“Mary Palporki [sic] information concerning. On this date Dominic J. Arena, chief of police, Edgartown,

Martha’s Vineyard, Massachusetts, advised body of female found in overturned car in water,” reads the teletype. “Mr. Arena confidentially advised that driver of automobile was Senator Edward M. Kennedy who was uninjured. Stated fact Senator Kennedy was driver is not being revealed to anyone. End.”

The FBI also investigated a rumor that the Mafia wanted to “attack the character” of Sen. Kennedy, his brother Bobby and brother-in-law Peter Lawford. The plot somehow involved Frank Sinatra and Marilyn Monroe and was to go into action at a New York party.

“This is allegedly to be accomplished by working with outfit associates of Frank Sinatra to arrange for their women to be placed in compromising situations in the presence of any or all of the two Kennedys and Peter Lawford,” the documents state, attributing the rumor to a Milwaukee Mafia source.


And a wealthy socialite allegedly had “considerable information concerning sex parties” involving Kennedy and his brothers, according to the documents. The parties were said to have taken place at Hotel Carlyle in New York City and also involved Sinatra, Monroe and Sammy Davis, Jr.The FBI found nothing to the allegations.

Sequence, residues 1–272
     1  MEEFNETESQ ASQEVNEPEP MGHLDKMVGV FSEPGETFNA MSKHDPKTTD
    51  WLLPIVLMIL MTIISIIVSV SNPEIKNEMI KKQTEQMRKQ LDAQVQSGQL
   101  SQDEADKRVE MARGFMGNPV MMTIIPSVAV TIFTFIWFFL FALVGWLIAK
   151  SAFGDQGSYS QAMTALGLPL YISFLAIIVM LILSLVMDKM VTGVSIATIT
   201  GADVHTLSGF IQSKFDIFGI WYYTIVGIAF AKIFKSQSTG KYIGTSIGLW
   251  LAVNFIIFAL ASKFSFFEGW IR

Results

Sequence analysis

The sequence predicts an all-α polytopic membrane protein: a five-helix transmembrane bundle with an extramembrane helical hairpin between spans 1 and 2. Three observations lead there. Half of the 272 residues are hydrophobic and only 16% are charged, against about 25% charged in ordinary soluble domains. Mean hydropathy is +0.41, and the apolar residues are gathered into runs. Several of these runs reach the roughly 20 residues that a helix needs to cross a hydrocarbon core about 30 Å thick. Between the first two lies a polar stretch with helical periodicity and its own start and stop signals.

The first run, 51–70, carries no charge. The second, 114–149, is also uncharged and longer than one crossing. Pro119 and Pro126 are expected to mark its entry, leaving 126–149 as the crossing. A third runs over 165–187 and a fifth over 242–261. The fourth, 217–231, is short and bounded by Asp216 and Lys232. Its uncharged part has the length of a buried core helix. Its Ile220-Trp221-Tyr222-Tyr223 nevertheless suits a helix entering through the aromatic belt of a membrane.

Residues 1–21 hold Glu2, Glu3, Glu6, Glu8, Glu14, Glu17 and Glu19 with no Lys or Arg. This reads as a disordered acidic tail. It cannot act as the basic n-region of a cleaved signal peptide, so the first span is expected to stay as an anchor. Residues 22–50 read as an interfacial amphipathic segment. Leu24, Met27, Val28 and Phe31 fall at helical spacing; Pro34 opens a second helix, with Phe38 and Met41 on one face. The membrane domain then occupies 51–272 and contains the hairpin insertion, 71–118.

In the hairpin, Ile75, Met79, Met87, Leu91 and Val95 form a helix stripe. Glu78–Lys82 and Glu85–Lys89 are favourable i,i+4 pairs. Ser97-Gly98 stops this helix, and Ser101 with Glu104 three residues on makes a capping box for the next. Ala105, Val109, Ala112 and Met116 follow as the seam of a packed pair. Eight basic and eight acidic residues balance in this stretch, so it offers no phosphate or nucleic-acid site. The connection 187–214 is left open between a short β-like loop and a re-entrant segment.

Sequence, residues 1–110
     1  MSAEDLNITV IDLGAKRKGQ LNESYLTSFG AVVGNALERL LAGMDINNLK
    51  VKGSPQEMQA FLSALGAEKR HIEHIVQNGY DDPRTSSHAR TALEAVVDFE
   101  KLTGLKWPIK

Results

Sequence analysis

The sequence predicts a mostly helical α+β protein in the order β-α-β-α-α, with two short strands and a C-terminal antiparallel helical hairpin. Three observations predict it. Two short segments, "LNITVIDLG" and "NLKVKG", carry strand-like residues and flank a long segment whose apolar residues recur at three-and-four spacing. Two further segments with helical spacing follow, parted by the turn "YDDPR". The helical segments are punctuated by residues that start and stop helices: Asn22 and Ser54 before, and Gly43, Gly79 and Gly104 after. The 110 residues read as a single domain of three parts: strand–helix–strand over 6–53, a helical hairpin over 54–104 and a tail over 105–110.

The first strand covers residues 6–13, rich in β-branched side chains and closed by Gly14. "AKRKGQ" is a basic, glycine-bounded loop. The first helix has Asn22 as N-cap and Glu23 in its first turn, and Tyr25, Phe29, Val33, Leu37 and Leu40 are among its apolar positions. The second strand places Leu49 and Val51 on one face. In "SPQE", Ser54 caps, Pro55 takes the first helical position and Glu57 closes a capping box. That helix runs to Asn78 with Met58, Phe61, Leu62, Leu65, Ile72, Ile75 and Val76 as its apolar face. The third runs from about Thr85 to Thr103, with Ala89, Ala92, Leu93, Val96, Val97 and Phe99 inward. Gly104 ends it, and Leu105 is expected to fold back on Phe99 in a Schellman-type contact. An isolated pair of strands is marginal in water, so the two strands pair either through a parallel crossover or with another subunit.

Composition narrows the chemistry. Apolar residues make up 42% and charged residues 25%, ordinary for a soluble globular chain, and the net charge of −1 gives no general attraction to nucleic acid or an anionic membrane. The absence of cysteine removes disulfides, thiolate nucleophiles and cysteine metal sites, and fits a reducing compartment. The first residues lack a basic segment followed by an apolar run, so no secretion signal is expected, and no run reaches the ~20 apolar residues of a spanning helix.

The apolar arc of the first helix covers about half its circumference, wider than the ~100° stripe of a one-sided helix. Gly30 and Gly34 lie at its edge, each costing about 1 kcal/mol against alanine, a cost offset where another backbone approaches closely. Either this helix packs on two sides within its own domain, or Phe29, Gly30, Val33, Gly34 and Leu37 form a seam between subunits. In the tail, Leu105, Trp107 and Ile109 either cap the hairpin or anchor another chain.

“The FBI did not consider the rumor solid, and no other mention of it appears in the file, suggesting that the informant did not supply any corroboration to the story,” the bureau says on its website.

The bureau also made it clear the documents show that Kennedy was never investigated for committing a crime or harming national security.

“At no point do these files suggest that the FBI investigated Sen. Kennedy for a criminal violation or as a security threat,” the FBI states on its website.

Kennedy shared personal correspondence with longtime FBI Director J. Edgar Hoover. Recovering in the hospital from a 1964 plane crash, the senator wrote to Hoover asking if he would submit an essay for a book about Kennedy’s father, Joseph.

Hoover said in a letter it would be a “pleasure” for him to submit an essay. That request by the senator, however, led to a background check by the FBI on his father. An October 1964 memorandum describes Joseph Kennedy on a first-name basis with Hoover, who had “expressed a great admiration for Mr. Hoover and the work of the FBI.”

But the FBI never completed a full investigation of Kennedy’s father, just a “limited inquiry” in 1951 that he allegedly gave $100,000 for “the removal of government offices” from the Chicago building of Merchandise Mart, a company he then owned. In addition, the State Department offered an advisory in 1953 on Kennedy’s father, but the rest of the paragraph was redacted.

Like the State Department advisory about Kennedy’s father, several other pages are full of redactions to protect the privacy of certain individuals mentioned in Kennedy’s FBI file.

Originally scheduled to be released by the end of May, the FBI delayed the release of Kennedy’s  file several times before posting the documents online Monday.

This story was posted at 10:35 a.m. and updated at 8:27 p.m.